Statistics show that on average homes listed with an agent sell for a higher price ($58,000 higher on average according to the most recent NAR research report).
2. Realtors understand the market
Real estate agents have house-by-house, street-by-street, and market-by-market experience. When competition is fierce, they can help you with strategies to buy or sell your home.
3. Working with a real estate agent lowers your risk
When you have an agent, you share some of the risk of home buying and selling. As a seller, you’re paying the real estate agent to assist you, advise you, and help navigate the transaction legally and safely.
4. Listing agents are well-versed in the process
Real estate agents can negotiate more than just price. They know all the terminology and can help negotiate the dozens of sticking points that keep transactions from closing—including repairs, closing costs, timelines, rent-backs, inspection issues, and more.
They’re also bound by a code of ethics, which means they know what has to be disclosed to a potential buyer—as well as how to disclose it. Their profession also requires that they carry insurance in case something goes wrong.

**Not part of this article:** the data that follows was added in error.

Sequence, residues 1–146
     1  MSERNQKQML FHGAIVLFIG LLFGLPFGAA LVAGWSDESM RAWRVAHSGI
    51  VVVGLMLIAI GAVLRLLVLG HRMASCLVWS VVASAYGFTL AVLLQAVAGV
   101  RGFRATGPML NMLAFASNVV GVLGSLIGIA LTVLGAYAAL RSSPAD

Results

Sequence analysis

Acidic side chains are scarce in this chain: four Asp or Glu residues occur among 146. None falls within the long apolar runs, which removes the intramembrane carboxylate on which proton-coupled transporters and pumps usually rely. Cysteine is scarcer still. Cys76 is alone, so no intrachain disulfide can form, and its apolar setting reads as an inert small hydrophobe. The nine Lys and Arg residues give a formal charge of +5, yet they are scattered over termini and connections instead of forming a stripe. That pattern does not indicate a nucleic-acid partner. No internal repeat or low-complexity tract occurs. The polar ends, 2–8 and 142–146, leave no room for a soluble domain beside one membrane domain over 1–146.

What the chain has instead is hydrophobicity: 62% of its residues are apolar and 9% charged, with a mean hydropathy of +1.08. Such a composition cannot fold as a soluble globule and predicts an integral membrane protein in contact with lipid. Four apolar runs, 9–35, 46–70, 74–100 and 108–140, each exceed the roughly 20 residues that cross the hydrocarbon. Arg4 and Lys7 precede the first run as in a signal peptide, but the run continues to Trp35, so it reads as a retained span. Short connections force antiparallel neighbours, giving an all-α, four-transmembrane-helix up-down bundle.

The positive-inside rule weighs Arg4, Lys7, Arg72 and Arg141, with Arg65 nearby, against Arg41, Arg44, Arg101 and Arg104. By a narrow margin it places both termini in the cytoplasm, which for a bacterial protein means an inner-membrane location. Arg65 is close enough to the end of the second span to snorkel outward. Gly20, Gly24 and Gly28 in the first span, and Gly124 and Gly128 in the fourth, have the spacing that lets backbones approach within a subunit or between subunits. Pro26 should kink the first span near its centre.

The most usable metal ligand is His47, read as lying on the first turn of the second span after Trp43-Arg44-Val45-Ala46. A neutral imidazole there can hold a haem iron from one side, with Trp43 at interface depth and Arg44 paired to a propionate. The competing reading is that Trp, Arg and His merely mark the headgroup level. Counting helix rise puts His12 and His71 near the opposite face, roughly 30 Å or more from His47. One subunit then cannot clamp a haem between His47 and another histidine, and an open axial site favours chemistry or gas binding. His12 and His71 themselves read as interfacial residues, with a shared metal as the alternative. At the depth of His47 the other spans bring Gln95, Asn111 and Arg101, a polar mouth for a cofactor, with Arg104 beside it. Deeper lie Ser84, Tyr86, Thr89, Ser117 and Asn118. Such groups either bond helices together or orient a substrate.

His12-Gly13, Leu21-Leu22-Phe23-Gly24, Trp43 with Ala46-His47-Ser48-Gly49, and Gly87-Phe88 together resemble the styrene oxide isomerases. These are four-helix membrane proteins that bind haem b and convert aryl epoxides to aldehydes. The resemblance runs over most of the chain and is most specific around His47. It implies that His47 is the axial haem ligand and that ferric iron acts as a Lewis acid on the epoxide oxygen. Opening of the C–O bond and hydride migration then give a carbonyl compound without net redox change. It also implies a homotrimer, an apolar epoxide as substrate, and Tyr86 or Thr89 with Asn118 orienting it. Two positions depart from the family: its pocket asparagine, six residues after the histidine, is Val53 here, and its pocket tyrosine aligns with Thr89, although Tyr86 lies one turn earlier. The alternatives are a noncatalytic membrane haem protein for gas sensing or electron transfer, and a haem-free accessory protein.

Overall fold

A homeowner trying to sell on their own is just that: on their own. This can result in money lost if the home sells for less than the price a realtor could have achieved or, even worse, if costly litigation occurs during or after the closing.
5. A listing agent works closely with all parties
The loan officer, title company, appraiser, property inspector, and others all have jobs to do during a transaction. Your average homeowner simply isn’t privy to all the details that must be tracked during the course of a home sale.
On top of that, there are deadlines and a closing date to keep track of. The legal ins and outs of real estate transactions can make the for-sale-by-owner path tricky for many.
6. Real estate agents can vet potential buyers
A listing agent can require interested parties to get pre-qualified or even pre-approved before viewing your home. This reduces the number of showings (in a good way!), which reduces the burden on you, especially if you’re still living in the home.